Or you might decide to splurge on the omakase, which promises a flight of dreamlike dishes beginning with a cold appetizer. Today it was tiny squid tentacles in seaweed paired with a little dish of lightly pickled fish draped in shawls of onion.
Now the warm appetizer. This is the luxury of snow crab, the leg still snuggled into its shell and swathed in a creamy blanket of crab miso.
A beautifully constructed platter of sashimi tells an interesting story. All the fish is imported from Japan, and while the gentle octopus is deliciously familiar, the abalone is a startling experience. Simultaneously toothy and tender, it offers a fascinating textural paradox.
Another contrast of color, taste and texture.
And finally the purity and pleasure of raw sweet shrimp.
The restaurant makes a point of serving uni from Hokkaido, the northernmost island of Japan. This is quite different from the sea urchin found in either of America’s oceans. Here the contrast is uni from opposite ends of the island, each with its own unique flavor. The idea is to roll a bit of urchin into a crisp strip of nori, add a dab of freshly grated wasabi, give it a quick dip in soy and pop the entire package in your mouth. I could happily do that all day.
Now the nigiri arrives, one indulgent piece of sushi after another, each superb.
Finally, a strangely irresistible tamago that resembles custard more than the customary omelet.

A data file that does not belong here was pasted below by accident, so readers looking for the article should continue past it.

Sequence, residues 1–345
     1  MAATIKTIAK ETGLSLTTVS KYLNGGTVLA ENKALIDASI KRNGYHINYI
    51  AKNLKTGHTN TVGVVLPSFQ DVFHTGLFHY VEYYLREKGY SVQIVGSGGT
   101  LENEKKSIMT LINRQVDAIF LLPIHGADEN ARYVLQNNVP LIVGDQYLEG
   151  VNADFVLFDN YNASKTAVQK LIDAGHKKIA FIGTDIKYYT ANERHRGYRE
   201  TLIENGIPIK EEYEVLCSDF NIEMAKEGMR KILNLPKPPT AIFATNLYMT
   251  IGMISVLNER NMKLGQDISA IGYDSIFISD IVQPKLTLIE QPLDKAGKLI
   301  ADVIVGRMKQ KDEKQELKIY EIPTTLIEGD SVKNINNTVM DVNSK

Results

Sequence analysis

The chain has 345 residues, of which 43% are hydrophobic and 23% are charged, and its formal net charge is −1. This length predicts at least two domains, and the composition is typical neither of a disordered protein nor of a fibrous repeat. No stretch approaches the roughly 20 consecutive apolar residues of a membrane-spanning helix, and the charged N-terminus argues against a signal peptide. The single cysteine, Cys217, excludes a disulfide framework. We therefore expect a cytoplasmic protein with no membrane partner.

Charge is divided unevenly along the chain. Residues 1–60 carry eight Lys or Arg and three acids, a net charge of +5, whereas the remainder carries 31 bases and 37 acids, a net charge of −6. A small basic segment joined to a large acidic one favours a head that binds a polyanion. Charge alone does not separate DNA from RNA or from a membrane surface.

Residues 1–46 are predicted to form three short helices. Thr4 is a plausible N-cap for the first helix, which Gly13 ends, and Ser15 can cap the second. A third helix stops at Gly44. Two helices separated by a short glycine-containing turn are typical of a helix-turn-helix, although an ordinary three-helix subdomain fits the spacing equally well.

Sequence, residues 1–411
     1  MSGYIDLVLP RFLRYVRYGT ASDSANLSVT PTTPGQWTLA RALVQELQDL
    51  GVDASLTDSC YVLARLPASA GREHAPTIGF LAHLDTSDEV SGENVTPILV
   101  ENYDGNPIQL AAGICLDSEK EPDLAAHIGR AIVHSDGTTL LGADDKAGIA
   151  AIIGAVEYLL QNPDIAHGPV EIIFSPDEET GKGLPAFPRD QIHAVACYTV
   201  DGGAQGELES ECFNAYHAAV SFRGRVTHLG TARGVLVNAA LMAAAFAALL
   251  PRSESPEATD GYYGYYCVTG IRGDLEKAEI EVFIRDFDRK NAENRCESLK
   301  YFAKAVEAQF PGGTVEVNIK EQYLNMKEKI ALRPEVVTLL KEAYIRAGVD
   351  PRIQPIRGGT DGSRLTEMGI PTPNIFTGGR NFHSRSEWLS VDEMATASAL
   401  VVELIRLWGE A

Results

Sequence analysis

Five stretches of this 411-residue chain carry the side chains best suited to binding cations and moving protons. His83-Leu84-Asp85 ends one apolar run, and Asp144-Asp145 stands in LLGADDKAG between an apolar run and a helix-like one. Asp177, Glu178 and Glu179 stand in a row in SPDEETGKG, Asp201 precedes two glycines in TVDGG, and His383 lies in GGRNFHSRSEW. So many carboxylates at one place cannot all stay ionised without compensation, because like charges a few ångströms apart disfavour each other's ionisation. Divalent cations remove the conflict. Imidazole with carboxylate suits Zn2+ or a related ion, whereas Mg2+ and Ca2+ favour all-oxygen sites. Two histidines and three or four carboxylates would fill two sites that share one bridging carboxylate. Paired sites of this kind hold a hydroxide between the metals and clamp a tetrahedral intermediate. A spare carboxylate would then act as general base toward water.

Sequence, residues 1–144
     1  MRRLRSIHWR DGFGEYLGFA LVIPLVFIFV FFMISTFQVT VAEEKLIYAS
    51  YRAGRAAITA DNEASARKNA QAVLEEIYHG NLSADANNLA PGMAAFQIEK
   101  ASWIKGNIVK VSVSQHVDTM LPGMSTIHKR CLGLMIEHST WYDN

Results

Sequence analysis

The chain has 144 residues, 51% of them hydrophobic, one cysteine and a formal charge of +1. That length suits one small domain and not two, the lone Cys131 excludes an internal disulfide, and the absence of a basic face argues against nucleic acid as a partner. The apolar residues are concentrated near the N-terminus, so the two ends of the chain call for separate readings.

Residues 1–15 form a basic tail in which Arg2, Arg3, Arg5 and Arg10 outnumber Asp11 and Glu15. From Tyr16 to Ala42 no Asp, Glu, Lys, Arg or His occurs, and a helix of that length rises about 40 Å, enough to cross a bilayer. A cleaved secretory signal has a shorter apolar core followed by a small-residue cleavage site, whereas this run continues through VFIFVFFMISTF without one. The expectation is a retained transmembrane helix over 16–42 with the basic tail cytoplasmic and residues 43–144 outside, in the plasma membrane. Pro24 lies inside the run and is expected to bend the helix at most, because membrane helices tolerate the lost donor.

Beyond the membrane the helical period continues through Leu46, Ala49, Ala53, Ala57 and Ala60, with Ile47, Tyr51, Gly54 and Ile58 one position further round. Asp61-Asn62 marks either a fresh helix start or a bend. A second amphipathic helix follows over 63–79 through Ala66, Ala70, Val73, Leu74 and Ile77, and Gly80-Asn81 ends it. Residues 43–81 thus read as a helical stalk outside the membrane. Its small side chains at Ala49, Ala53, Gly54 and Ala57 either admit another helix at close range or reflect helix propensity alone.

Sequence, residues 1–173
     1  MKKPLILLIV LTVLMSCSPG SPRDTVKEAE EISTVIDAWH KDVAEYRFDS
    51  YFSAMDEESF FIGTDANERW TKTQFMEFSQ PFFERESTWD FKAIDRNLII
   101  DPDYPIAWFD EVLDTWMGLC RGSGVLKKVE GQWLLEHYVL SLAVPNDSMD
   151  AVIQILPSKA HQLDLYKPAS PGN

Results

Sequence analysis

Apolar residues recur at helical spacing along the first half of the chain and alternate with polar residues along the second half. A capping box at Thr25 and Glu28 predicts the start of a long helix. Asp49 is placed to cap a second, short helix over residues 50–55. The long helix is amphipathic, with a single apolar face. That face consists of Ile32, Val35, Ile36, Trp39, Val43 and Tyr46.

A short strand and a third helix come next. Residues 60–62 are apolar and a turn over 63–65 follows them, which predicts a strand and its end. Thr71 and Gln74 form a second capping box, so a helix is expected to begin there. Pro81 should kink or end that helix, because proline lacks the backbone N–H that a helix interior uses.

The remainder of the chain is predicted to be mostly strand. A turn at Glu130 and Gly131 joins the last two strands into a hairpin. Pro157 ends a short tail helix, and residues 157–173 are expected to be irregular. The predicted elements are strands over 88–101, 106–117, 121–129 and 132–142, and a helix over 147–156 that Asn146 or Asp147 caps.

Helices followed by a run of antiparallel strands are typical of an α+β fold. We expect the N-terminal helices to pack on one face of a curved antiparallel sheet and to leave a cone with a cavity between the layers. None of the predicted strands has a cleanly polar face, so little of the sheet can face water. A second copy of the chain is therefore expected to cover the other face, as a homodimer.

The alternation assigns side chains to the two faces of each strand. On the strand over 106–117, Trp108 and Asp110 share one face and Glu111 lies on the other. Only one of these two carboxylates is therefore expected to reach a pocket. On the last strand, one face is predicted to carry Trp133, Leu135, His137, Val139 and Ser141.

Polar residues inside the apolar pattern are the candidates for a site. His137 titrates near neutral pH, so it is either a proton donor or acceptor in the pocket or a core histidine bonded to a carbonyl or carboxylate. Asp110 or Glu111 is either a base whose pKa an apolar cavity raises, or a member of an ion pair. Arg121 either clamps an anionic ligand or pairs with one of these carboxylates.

I’ve missed a few dishes here: wagyu beef, lightly torched and set on a little pad of rice, a few fishes, and the tiny scoop of yuzu ice cream that is the final offering before you’re sent back up into the world.
It’s hard to climb the stairs and find yourself in the gritty snowy streets with headlines blaring from every corner. But the tang of that citrus stays on your lips, reminding you that for a little while at least, you managed to escape.
February 2, 2017
President William Howard Taft (seen here in The Philippines) was undoubtably one of the most spectacular eaters to ever live in the White House. At 335 pounds, he was also the largest. Though he lamented his weight (and even kept a food journal in an attempt to slim down), he never outran his lust for the delicious. Rumor has it that once, in desperate need of a midnight snack, he had a diner car attached to his train in the middle of the night.
Taft’s white house cook was primarily a grill master: Taft desired steak three times a day. (This was, after all, in the days when men routinely consumed five pounds of meat at grand Beefsteak dinners.)
Taft’s breakfast? A 12-oz steak, two oranges, toast, and copious amounts of coffee. Lunch was more steak, lobster Newberg, potatoes, pates, boiled vegetables, bonbons and pie. Dinner was a repeat, except that Taft doubled down, eating twice as much – and almost always began the meal with turtle soup.
To satisfy the family appetite, First Lady Helen Taft kept several pet cows to supply fresh milk. Meet Pauline Wayne, a champion milk cow, standing in front of what’s now the Eisenhower Executive building.
And here are some puckish workers, demonstrating the impressive capacity of the president’s custom-made bathtub:
And finally this absurd account of Taft being served one of his favorite dishes.
January 31, 2017
Can’t help it; in these fraught times, the notion of a President and General who loved to cook is so appealing that I keep going back to the book. Here’s the President, at Camp David, making breakfast for the staff.
Ike obviously liked cooking for crowds; the following recipe feeds sixty. I love the straightforward quality of the ingredients; note that it calls for a roux made with marrow bone fat.
Turns out that Ike didn’t just cook; he was also a rancher and gardener. Here’s Mamie in the corn.
A few more of Ike’s no-nonsense recipes: